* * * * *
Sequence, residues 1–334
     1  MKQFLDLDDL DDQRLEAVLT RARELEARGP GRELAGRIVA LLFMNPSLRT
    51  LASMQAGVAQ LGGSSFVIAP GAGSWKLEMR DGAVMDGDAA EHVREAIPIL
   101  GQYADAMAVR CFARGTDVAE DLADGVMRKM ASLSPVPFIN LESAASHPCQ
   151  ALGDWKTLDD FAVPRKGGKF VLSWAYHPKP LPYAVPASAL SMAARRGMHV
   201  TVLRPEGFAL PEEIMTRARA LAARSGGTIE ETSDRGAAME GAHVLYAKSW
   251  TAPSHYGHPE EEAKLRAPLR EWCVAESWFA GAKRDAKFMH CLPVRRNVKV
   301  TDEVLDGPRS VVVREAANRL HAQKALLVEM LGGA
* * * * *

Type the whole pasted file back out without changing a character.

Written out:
Sequence, residues 1–334
     1  MKQFLDLDDL DDQRLEAVLT RARELEARGP GRELAGRIVA LLFMNPSLRT
    51  LASMQAGVAQ LGGSSFVIAP GAGSWKLEMR DGAVMDGDAA EHVREAIPIL
   101  GQYADAMAVR CFARGTDVAE DLADGVMRKM ASLSPVPFIN LESAASHPCQ
   151  ALGDWKTLDD FAVPRKGGKF VLSWAYHPKP LPYAVPASAL SMAARRGMHV
   201  TVLRPEGFAL PEEIMTRARA LAARSGGTIE ETSDRGAAME GAHVLYAKSW
   251  TAPSHYGHPE EEAKLRAPLR EWCVAESWFA GAKRDAKFMH CLPVRRNVKV
   301  TDEVLDGPRS VVVREAANRL HAQKALLVEM LGGA